East Africa’s Lake Victoria, the continent’s largest freshwater lake, has seen its shores rise to record levels, submerging businesses, homes and threatening thousands of lives and livelihoods.
In Uganda, Kenya and Tanzania the rising waters have forced families to abandon their flooded homes.
In Budalangi, Western Kenya, dozens of families have been left stranded on the swollen shores. Rising water continues to consume the remaining roads and bridges – some now have to cross to safety in wooden dugout canoes, while others carry household items on their heads as they wade through knee-deep water.
Dr Ally-Said Matano of the Lake Victoria Basin Commission said that beyond displacement, the surging water levels also present a massive health risk
“There is an increase in waterborne diseases; malaria, bilharzia are on the rise. And of course this is also aggravated by the fact that we are in the middle of a epidemic,” Dr Matano said.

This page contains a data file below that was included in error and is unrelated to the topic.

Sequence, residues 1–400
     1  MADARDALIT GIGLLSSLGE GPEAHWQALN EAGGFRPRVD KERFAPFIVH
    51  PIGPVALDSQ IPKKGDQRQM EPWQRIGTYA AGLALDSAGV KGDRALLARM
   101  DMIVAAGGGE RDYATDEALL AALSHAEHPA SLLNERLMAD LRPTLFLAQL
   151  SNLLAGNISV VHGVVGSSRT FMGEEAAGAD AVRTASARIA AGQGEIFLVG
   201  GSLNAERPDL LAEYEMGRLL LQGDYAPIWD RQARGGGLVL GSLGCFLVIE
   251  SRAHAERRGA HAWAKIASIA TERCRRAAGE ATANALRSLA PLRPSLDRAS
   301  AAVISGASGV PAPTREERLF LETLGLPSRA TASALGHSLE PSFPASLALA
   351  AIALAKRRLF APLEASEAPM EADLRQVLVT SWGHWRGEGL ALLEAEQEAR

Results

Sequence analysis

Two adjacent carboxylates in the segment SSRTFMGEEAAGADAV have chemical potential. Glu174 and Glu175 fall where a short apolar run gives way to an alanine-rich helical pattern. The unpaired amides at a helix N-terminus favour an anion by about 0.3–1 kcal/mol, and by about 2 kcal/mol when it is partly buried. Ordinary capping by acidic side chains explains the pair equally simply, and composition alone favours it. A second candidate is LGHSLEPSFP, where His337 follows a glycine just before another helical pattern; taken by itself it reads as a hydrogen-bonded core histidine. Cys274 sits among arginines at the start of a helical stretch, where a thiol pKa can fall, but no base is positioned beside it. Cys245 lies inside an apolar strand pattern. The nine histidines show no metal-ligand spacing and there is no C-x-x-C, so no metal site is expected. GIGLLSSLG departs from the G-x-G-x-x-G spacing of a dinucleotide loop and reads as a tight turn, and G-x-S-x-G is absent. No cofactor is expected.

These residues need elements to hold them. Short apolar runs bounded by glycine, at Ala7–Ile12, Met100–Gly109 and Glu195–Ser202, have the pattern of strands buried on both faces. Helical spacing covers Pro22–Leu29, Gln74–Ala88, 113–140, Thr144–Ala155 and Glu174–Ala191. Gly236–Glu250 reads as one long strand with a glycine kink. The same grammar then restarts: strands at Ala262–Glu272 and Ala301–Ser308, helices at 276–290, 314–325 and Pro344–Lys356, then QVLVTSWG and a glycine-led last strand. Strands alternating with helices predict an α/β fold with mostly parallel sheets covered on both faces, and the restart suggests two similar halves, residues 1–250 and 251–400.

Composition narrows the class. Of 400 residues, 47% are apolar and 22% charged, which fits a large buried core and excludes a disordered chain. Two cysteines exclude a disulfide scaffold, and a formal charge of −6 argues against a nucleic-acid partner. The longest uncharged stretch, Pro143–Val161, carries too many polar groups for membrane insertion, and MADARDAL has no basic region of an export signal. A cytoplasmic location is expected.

In the lakeside city of Kisumu nearly 100km (62 miles) further south, tourist spots, hotels, and fishing villages are under water too.
Across the border in Uganda, flooding has raised the lake’s water levels to just under 13.4 metres, a mark last recorded in 1964.
The rising lake levels have caused the River Nile water to rise too, leading to chunks of land breaking away from its banks. Last month, a floating island blocked a hydroelectric dam in Jinja, causing a brief nationwide power blackout.
The Nile flows into Lake Kyoga north of the capital, Kampala, which has in turn burst its shores, displacing dozens of families.
The Greater Horn Africa Climate Outlook has predicted higher than normal amounts of rain will continue throughout May.
Lake Victoria is a priceless shared resource for close to 40 million people living across three countries’ borders, now it presents a shared challenge.